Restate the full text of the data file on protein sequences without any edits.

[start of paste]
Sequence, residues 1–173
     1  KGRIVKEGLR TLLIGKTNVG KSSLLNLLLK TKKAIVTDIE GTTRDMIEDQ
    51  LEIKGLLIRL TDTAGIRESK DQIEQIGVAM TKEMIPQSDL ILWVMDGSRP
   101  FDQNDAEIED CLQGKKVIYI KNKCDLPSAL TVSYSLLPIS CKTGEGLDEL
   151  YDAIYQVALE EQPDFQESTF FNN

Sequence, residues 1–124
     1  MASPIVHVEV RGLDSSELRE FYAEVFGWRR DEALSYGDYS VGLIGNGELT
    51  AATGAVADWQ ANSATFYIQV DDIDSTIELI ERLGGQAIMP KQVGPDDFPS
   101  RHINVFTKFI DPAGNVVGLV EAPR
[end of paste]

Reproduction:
Sequence, residues 1–173
     1  KGRIVKEGLR TLLIGKTNVG KSSLLNLLLK TKKAIVTDIE GTTRDMIEDQ
    51  LEIKGLLIRL TDTAGIRESK DQIEQIGVAM TKEMIPQSDL ILWVMDGSRP
   101  FDQNDAEIED CLQGKKVIYI KNKCDLPSAL TVSYSLLPIS CKTGEGLDEL
   151  YDAIYQVALE EQPDFQESTF FNN

Sequence, residues 1–124
     1  MASPIVHVEV RGLDSSELRE FYAEVFGWRR DEALSYGDYS VGLIGNGELT
    51  AATGAVADWQ ANSATFYIQV DDIDSTIELI ERLGGQAIMP KQVGPDDFPS
   101  RHINVFTKFI DPAGNVVGLV EAPR